Introduction: A First-Gen Professional’s Journey of Financial Learning and Setting Boundaries

In August 2017, I started my first “professional” job as a high school teacher. I was the first person in my family to go to college and have a salary. A steady salary meant it would help me help my family. As the eldest of four siblings, I had no one to turn to with experience handling a steady paycheck. In my mind, I had to be the oldest sister providing financially for her family.

I believed helping my family financially meant spending most of my money on them. My concept of personal finance was limited. Eventually, in mid-2018, after a family medical emergency that led me to delve into the world of “personal finances,” I understood that supporting my family had to take a different approach. Spending most of my paycheck on my family would not set us up for financial stability or wealth.

My Reasons to Provide Financially as the Oldest Sister

The truth is, during college, I would earn $400 on a good month. As a college student, that was enough to cover my phone and personal expenses. As a teacher, my starting salary was $3,500 a month, which was a significant increase for someone living at home, single, and without kids – 7 times more than what I was used to. I never had that money, so I wanted to spend it in a way I never could before. As my mom used to say, “Tienes dinero y te da comezon las manos,” meaning “you have money, and your hands get itchy,” referring to the eagerness to spend money.

Filled with excitement, I took my siblings out to eat, wanting them to experience things I couldn’t at their age. Dining out became our main activity, and we enjoyed Orochon Ramen in Little Tokyo and Himalayan House in the USC area – two places I highly recommend checking out! As we ate, we would fondly remember the days when we had to split a small burger and a Hershey’s pie from Burger King after a day’s work during our childhood. Seeing their faces light up when they had their own plate brought me great joy. As I swiped my card, the saying, “El dinero se hizo para gastar” (Money was made to be spent) echoed in my mind.

Receipt of dining out bill for sister's birthday.
Receipt from Cheesecake Factory. (2017)

The Struggle with Financial Knowledge

As mentioned earlier, I had virtually ZERO knowledge of personal finance. While I knew I had to budget and save, I would not fully commit. Month after month, I would tell myself, “Next month, I will do things differently.” I lacked discipline, motivation, and accountability. Slowly, I noticed that my credit card balance wasn’t decreasing, and the stress kept piling up. I had to do something.

The Turning Point: Oldest sister is not paying anymore.

In August of 2018, witnessing the emotional and financial toll my dad had to endure during my grandfather’s sudden health deterioration and death made me realize that I desperately NEEDED a financial plan. That was the moment everything clicked! I had to take control of my finances and take ACTION. Merely thinking about budgeting, saving, and investing wasn’t cutting it. I started tracking my budget, saving in an HYSA with my credit union – Schools First, and launched my first business – a party rental business. My motivation to get out of debt and build an emergency fund made the transition from overspending to saving easier.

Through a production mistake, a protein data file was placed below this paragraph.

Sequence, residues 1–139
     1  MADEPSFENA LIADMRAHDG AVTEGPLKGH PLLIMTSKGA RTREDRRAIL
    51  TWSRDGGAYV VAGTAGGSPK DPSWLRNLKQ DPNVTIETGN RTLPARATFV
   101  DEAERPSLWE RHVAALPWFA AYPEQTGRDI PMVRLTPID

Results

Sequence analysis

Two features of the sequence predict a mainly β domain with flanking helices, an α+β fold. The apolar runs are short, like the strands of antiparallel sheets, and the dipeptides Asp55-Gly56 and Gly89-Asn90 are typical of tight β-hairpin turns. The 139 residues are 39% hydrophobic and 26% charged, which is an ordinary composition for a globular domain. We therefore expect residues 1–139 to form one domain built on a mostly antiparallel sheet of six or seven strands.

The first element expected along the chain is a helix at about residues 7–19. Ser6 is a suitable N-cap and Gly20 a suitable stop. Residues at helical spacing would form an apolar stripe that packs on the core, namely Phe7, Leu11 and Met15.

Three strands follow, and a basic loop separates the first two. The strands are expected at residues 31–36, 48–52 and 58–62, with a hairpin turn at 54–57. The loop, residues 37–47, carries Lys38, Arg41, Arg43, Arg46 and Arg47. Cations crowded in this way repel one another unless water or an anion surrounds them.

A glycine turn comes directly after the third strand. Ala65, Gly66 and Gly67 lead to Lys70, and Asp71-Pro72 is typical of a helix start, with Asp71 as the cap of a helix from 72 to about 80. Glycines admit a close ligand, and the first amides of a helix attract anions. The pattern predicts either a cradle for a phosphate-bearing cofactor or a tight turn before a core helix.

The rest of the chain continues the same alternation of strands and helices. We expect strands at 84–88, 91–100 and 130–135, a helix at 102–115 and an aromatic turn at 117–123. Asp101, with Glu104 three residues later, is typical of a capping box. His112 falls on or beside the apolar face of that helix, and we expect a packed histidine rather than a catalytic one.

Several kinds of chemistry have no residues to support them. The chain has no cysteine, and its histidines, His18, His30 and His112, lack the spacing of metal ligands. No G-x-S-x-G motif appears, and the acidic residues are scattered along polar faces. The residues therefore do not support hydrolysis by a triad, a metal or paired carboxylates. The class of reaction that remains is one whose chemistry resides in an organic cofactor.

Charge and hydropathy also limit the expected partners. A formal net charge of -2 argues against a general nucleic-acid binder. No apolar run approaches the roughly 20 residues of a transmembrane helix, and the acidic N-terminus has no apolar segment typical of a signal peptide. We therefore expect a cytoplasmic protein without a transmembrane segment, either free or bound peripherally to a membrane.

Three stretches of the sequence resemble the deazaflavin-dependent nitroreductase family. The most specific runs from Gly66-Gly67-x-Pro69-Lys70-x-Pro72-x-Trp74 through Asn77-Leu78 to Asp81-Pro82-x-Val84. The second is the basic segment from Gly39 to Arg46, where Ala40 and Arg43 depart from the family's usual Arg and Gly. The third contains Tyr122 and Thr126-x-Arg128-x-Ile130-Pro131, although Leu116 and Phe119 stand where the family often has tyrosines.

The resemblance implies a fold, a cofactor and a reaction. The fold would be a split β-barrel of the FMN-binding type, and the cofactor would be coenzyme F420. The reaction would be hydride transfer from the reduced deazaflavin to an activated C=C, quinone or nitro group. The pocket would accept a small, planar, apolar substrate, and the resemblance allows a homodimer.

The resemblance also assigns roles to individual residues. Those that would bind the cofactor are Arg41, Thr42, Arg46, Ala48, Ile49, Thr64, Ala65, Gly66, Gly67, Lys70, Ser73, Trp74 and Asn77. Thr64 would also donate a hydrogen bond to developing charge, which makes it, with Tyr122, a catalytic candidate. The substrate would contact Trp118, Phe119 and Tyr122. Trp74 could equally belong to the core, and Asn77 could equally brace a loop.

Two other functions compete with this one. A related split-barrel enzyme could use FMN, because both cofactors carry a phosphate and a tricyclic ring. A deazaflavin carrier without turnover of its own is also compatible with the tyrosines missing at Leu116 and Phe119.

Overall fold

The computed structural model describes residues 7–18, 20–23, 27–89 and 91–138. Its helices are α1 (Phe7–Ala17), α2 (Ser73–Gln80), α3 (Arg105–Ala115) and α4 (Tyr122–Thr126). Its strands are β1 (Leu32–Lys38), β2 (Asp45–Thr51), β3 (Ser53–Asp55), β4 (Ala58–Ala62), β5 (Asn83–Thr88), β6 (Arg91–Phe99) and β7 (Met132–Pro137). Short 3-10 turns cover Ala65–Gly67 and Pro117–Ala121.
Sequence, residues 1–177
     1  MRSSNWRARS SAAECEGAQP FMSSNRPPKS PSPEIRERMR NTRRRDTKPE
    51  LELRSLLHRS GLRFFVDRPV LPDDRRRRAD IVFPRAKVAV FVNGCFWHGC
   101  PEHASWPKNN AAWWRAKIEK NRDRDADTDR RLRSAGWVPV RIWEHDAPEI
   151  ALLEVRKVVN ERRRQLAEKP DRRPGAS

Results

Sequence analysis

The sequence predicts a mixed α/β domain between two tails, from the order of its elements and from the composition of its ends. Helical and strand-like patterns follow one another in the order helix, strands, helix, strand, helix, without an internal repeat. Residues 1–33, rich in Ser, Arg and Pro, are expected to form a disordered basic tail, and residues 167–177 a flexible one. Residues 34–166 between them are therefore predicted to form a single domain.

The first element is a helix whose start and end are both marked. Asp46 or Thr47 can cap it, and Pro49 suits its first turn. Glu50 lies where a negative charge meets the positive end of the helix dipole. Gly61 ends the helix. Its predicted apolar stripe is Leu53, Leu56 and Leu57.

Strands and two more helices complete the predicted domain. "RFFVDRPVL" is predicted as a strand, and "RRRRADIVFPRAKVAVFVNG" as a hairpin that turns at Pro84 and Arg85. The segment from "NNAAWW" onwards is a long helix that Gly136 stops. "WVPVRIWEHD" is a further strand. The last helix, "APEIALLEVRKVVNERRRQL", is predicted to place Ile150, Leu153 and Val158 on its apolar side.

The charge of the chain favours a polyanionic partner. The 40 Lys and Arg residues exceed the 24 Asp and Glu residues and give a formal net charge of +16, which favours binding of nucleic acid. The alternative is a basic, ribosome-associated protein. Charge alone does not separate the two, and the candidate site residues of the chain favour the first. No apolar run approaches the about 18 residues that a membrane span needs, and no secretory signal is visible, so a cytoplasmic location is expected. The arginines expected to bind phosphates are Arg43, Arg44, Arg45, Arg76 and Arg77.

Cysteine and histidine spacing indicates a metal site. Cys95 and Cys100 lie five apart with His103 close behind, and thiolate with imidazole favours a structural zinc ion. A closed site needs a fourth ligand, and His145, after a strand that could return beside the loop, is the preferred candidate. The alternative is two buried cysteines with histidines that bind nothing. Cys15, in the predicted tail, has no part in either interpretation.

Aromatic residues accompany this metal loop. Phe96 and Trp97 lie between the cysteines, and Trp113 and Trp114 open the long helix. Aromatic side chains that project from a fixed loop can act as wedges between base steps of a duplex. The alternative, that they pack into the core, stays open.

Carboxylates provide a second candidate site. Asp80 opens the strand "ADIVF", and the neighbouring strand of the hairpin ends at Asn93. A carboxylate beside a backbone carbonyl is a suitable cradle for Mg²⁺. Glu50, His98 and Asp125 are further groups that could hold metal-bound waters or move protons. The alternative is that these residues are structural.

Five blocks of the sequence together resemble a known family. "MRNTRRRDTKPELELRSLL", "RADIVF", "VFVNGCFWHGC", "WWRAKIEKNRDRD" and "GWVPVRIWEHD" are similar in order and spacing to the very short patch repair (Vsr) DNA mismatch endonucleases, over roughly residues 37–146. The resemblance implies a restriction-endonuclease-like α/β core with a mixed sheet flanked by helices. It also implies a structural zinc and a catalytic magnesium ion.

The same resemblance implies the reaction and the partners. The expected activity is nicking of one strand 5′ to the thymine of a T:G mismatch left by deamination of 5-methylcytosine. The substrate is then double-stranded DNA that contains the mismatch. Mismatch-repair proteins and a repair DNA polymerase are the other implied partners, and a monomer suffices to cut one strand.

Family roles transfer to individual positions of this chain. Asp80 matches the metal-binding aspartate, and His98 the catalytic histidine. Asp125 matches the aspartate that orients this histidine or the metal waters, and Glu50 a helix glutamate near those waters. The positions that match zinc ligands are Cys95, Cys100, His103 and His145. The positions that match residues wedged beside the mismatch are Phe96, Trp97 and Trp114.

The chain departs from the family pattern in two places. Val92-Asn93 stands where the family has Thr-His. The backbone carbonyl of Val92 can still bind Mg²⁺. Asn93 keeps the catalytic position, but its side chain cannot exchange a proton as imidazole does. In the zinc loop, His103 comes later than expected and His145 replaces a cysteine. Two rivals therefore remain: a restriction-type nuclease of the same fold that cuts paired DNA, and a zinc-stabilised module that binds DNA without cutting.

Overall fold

The Difficult Conversation with Siblings

Though I can’t recall the exact conversation, I remember telling my siblings about what I was doing with my money. I wanted them to become familiar with personal finance language. I would say things like, “This month, I budgeted this amount for eating out.” I also began discussing saving and investing with them. Even though they were just teenagers, I hoped they would get excited about what I was doing.

Just as I once wanted them to experience different cuisines, I now wanted them to learn about personal finances so that they would make better financial decisions when they had their first jobs. I shared information about the books I was reading, aiming to plant a financial seed in their minds. Slowly, I started to accept that I did not have to be the eldest sister providing financially for her family. It was more than ok to take care of myself first. I couldn’t pour from an empty cup. I wanted to build generational wealth and that meant taking care of myself first.

Me reading "Everyday Millionaires" by Chris Hogan Oldest. As the oldest sister who was providing financially for her family, I used this book to discuss money with siblings.
Reading “Everyday Millionaires” (2019)

Balancing Financial Support and Financial Boundaries

Having a budget didn’t mean I would no longer take my siblings out. However, it meant we now had a set monthly amount for dining out. I was transparent with them, letting them know that if they urgently needed something, I would consider helping them out. I also made a point of saving to buy them something they genuinely needed or wanted for their birthday, allowing me enough time to save up.


Being the eldest sister comes with its challenges because there’s no blueprint to follow. We learn as we go along. I had to figure out how to budget my first paycheck, sign up for my pension, understand the importance of a HYSA, and more. While there’s always pressure to support our families once we receive our first paycheck, it’s essential for us to do a financial wellness check and communicate to our loved ones what assistance we can provide (if we can).

Let me know in the comments what you think about the oldest sister providing financially for her family.


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